This ice cream has a subtle pastel colour and a clean, unusual flavour. When you think of mint ice cream, you probably think of the classic mint/choc chip. Using fresh mint transforms it. A revelation, even.


250ml (9 fl oz) whole milk
150g (5 ½ oz) white caster sugar
Pinch of sea salt
600ml (1 pint) double cream
2 - 3 large handfuls of mint leaves
5 egg yolks
100g (3 ½ oz) good-quality white chocolate, melted

Ice-cream maker

How to make

  • Warm the milk, sugar, salt and half of the cream in a saucepan over a low heat, until the sugar has dissolved. Take the pan off the heat and add the mint leaves, leaving them to steep for at least 1 hour.
  • Put the egg yolks in a large bowl. Pour the milk mixture through a sieve into another saucepan, straining out the mint leaves and discarding them. Add the rest of the cream to the mixture and heat slowly on a low heat, then pour this newly warmed mixture into the bowl of egg yolks. (It’s important to do it this way, rather than putting the yolks straight in the pan, or they might scramble.)
  • Return the mixture, now including the egg yolks, to the saucepan, whisking all the time. Warm gently again for about 10 minutes until it starts to become like a custard (coating the back of a wooden spoon), then strain into a bowl. Leave to cool.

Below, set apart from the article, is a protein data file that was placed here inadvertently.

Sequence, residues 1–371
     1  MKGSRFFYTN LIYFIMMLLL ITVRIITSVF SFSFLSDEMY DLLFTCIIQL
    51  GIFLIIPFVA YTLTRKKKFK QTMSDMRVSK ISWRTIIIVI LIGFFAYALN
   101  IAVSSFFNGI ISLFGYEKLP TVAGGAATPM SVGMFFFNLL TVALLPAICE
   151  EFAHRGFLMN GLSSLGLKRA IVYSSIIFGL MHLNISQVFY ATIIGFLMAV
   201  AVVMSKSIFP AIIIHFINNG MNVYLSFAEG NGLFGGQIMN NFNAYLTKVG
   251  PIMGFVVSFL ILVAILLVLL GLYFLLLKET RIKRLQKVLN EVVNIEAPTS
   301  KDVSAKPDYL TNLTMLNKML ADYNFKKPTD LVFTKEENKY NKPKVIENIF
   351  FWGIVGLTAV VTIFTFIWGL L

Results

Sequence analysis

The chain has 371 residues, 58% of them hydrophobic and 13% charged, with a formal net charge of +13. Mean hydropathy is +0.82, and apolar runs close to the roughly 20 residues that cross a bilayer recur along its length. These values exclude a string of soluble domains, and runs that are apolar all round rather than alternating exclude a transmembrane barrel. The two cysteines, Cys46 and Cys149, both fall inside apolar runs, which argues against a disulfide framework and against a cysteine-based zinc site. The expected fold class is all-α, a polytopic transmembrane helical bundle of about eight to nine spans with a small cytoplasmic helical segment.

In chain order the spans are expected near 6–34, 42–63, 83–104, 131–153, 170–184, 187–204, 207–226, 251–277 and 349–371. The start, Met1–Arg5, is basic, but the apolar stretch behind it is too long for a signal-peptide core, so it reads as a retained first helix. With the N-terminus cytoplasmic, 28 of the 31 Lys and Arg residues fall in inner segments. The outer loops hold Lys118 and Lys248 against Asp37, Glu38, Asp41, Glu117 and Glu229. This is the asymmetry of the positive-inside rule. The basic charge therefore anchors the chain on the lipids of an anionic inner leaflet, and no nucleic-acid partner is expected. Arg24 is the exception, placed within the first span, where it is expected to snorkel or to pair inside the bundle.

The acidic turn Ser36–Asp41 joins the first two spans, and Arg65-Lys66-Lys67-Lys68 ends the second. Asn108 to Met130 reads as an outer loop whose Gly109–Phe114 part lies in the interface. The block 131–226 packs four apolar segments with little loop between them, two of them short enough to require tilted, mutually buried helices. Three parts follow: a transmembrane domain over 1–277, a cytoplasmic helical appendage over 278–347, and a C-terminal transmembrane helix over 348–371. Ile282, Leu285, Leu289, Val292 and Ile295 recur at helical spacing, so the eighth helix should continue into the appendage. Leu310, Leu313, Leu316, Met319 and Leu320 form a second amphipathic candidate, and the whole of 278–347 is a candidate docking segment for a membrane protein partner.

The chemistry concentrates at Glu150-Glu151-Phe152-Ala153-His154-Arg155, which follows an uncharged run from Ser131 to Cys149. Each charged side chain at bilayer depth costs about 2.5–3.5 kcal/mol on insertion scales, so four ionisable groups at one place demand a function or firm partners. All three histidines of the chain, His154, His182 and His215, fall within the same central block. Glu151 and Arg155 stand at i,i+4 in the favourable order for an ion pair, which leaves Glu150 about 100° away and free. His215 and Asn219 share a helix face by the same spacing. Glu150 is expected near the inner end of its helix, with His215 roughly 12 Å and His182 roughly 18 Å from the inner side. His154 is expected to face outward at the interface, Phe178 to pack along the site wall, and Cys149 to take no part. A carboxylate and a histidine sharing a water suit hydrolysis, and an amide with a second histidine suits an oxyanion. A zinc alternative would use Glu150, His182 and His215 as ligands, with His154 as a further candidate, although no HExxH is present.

• To make ice cream, I use a Kitchen Aid ice-cream attachment. I find that if I chill my mixture too much, the paddles keep getting stuck. So I let it cool down but I don’t refrigerate it. Once cool, pour the mixture into your ice-cream maker and leave to churn for at least 30 minutes. You will see the mixture start to thicken.
  • Take a small jug of melted white chocolate and pour it into the churning mixture, trying not to get it on the paddles. The chocolate should form little iced flakes within the ice cream. Once churned, pour the ice cream into a plastic container and freeze.
  • To serve, decorate the ice cream with crystallised flowers. It’s beautiful present in a flower ice bowl.

Serves 4 - 6


This is a dish from the movie Like Water For Chocolate that I cooked at my ‘Film and Food’ themed night, where I quoted dishes from famous foodie movies. Normally this dish is served with meat, but mine is a vegetarian version. Poblano chillies, which aren’t too hot, are hard to get hold of in Britain, so I ordered them from www.southdevonchillifarm.co.uk. If you can’t find them, use green or red peppers, jalapeños or grilled slices of aubergine instead..


8 poblano chillies
Seeds from ½ pomegranate